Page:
Sunday, January 10, 2010

Valuing structured securities

Letter to the FT published in August:

A fraction of Tarp money is needed to enhance stability
Published: August 21 2009

From Mr Christopher T. Mahoney.
Sir, I think most capital market participants would agree that generic securities with liquid markets (stocks, corporate and government bonds) should be carried at fair value (“Disclose the fair value of complex securities”, August 18).
While the market price and intrinsic value may diverge, there is sufficient transparency for both the buyer and seller to have sufficient information to form an opinion, which is what makes markets.
However, structured securities are not generic and are generally opaque, especially complex derivatives such as collateralised debt obligations. No one can value a CDO-squared, which is why they don’t trade. Therefore, there is such a wide disparity between seller and buyer opinion of value that there is no meaningful market, and thus a very weak datapoint for valuation.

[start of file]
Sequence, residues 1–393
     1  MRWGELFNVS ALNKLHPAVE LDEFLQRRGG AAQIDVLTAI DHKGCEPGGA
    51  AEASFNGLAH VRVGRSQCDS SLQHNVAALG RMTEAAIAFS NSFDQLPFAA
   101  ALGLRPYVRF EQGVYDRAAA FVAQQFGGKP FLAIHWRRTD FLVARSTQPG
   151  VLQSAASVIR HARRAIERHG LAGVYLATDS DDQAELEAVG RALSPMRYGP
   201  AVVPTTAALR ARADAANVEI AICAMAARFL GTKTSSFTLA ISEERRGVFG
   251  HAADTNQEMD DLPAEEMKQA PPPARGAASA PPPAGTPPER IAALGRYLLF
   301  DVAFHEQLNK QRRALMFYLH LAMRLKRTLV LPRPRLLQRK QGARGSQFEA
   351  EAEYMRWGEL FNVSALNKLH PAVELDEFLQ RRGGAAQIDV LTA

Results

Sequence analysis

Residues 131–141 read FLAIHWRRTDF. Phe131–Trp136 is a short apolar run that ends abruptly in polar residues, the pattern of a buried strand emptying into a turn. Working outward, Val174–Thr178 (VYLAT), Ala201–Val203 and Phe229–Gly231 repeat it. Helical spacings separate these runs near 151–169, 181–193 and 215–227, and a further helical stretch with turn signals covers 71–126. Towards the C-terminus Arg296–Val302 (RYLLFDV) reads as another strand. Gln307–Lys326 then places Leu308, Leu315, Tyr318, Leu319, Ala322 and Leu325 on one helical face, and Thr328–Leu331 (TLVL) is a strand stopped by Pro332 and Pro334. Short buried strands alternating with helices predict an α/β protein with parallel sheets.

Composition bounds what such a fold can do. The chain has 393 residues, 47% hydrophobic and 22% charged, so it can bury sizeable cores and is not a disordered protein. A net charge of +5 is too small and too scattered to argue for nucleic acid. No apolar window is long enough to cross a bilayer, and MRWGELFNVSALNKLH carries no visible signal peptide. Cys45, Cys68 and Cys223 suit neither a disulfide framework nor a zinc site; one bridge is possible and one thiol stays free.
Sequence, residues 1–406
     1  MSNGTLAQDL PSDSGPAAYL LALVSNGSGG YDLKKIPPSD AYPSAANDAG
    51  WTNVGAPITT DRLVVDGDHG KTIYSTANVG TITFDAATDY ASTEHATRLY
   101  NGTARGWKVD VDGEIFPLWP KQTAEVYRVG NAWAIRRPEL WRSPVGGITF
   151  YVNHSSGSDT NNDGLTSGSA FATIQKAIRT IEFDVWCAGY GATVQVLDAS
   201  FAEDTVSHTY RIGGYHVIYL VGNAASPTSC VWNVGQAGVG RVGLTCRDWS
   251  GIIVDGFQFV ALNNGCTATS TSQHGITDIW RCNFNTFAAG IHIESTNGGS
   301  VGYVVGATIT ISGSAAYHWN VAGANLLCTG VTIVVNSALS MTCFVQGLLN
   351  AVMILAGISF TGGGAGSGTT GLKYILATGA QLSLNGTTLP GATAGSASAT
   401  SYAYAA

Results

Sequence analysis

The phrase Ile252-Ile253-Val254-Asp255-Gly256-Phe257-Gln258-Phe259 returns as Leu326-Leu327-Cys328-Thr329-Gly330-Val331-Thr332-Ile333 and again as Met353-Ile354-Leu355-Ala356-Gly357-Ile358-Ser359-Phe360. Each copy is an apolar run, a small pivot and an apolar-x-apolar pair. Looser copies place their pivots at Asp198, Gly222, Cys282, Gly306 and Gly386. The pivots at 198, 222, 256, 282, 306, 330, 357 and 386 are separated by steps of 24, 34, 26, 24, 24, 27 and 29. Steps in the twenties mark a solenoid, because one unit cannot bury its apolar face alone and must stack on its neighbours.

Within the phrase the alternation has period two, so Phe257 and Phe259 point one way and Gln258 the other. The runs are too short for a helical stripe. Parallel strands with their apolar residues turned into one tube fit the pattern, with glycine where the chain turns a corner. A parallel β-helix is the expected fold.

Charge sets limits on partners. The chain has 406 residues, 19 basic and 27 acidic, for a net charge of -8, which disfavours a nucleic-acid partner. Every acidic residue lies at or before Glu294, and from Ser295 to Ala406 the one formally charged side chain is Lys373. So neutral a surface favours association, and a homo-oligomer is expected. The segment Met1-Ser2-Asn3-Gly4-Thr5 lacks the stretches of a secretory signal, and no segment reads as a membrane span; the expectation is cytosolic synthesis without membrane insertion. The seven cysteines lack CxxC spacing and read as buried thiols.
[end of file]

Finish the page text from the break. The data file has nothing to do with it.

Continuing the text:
What should be incumbent upon all participants (but especially the financial regulators) is the creation of a public, robust structured-securities database and cash-flow based valuation methodology so as to provide an estimate of intrinsic value to be weighed against the noise in the mark-to-market valuation.
It is surprising that this need has been visible for over two years, enormous damage has been done, and yet there appears to be little progress in developing such a database. If a small fraction of the troubled asset relief programme had been spent on this, financial stability would have been considerably enhanced.
Christopher T. Mahoney,
New York, NY, US
Retired vice-chairman, Moody’s

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